journal of world history, fall 2000 From Plato to NATO: The Idea of the West and Its Opponents. By david gress. New York: Free Press, 1998. Pp. xiv + 610. $28.00 (cloth). One of the most impressive contributions to the recent debates on multiculturalism and the core curriculum in higher education is David Gress's From Plato to NATO. The book's humorous title is a reference to the playful moniker coined by students for those sweeping survey courses in "Western civilization" and the "Great Books" that are standard fare at Ivy League caliber institutions. For those not privileged enough to attend Princeton or Columbia, the self-taught culture vulture might peruse the bookshelf of any middle-class home and find more than sufficient sustenance in the massive and elegantly written volumes making up Will and Ariel Durant's bestseller, The Story of Civilization. Gress's book is an attempt to explain how these panoramic surveys of Western history became such an integral component of American academic culture. So pervasive was their influence that Gress dubs these optimistic stories of moral and technological progress as "The Grand Narrative." As this expression implies, the Western civilization course, as it is customarily taught, is governed by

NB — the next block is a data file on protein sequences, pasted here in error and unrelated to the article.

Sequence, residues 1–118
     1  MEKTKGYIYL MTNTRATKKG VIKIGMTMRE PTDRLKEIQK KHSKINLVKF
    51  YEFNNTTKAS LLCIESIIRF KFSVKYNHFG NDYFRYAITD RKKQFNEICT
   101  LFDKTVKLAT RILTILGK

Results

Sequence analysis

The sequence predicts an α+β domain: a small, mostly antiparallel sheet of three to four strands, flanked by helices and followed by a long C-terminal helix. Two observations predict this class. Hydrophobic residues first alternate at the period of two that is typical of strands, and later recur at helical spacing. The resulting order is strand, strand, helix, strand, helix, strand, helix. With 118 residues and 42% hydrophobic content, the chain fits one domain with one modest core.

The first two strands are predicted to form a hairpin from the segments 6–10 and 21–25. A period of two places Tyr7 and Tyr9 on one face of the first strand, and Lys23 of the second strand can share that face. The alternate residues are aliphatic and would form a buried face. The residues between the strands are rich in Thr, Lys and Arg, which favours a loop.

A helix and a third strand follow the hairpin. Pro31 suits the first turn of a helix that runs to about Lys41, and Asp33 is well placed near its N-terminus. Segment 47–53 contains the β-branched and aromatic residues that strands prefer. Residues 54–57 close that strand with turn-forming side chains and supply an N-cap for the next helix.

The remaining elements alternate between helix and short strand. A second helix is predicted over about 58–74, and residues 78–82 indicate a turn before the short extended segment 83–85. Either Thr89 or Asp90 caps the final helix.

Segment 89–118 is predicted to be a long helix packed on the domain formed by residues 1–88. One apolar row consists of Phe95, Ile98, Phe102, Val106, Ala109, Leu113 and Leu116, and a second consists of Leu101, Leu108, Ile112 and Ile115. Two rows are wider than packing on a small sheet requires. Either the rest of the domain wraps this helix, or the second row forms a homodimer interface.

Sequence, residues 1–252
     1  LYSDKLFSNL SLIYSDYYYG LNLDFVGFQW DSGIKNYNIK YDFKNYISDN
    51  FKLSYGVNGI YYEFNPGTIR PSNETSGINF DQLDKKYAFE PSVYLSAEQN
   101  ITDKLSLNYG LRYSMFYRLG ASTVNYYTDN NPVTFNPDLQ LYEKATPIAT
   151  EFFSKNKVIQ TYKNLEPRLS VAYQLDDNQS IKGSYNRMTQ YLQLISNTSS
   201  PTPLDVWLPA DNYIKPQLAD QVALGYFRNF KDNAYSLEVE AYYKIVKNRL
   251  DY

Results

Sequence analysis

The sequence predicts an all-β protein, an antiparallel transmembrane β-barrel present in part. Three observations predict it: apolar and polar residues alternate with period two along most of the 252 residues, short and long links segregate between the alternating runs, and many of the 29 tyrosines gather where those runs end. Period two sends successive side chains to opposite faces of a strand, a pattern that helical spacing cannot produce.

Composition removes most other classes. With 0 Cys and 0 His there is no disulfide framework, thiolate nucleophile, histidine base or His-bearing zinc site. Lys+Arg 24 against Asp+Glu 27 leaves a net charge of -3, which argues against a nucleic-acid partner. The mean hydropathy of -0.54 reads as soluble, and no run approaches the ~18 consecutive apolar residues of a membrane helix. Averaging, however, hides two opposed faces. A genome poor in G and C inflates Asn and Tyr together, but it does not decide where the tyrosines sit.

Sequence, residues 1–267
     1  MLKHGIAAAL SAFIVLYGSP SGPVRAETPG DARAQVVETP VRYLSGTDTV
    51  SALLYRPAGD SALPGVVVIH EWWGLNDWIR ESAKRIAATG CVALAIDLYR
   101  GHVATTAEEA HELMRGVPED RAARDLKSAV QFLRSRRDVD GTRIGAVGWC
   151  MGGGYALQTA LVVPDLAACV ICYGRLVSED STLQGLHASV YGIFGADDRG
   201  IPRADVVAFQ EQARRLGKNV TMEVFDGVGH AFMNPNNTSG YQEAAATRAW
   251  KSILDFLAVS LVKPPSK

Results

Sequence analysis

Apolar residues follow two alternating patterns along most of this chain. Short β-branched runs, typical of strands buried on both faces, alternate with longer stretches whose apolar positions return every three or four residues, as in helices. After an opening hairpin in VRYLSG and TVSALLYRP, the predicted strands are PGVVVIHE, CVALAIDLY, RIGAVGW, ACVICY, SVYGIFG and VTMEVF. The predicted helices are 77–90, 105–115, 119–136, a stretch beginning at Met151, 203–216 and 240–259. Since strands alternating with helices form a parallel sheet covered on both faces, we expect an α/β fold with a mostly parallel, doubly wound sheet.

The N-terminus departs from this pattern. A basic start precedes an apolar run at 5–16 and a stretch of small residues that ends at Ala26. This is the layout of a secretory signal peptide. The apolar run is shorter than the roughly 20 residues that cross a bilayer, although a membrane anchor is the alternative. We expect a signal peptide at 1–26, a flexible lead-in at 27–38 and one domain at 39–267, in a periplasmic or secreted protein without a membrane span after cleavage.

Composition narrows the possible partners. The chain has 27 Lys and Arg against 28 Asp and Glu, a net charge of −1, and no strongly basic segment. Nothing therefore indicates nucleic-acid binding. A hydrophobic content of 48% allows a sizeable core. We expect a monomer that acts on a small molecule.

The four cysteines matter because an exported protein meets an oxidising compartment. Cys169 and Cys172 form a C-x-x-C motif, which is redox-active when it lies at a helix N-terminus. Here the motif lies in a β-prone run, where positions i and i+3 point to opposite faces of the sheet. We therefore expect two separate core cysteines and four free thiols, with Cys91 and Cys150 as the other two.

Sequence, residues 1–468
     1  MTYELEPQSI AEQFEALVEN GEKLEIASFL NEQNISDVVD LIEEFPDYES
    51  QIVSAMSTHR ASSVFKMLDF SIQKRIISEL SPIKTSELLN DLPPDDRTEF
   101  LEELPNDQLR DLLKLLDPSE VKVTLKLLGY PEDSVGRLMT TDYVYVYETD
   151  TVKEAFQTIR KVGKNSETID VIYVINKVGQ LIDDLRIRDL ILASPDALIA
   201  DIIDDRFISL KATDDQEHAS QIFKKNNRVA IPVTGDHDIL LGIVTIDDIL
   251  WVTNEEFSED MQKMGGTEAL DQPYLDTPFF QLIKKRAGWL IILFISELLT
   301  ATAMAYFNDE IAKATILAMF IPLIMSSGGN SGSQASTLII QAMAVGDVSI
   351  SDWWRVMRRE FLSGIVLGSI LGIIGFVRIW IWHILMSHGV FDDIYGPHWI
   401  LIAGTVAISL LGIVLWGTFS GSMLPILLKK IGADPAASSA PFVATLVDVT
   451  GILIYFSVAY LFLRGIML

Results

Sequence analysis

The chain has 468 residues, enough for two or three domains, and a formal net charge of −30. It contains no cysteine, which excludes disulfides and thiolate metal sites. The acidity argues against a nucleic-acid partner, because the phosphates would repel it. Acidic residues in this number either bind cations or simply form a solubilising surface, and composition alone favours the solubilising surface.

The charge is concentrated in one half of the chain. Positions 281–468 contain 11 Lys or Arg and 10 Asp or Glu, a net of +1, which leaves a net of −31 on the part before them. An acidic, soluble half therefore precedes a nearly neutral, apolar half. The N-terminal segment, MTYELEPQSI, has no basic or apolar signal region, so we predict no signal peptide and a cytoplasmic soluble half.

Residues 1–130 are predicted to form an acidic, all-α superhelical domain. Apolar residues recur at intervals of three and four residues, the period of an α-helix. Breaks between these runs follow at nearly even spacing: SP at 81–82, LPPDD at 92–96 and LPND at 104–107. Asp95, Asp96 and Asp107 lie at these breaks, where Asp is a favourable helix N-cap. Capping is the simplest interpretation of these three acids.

Journal of World History – University of Hawai'I Press
Published: Oct 1, 2000
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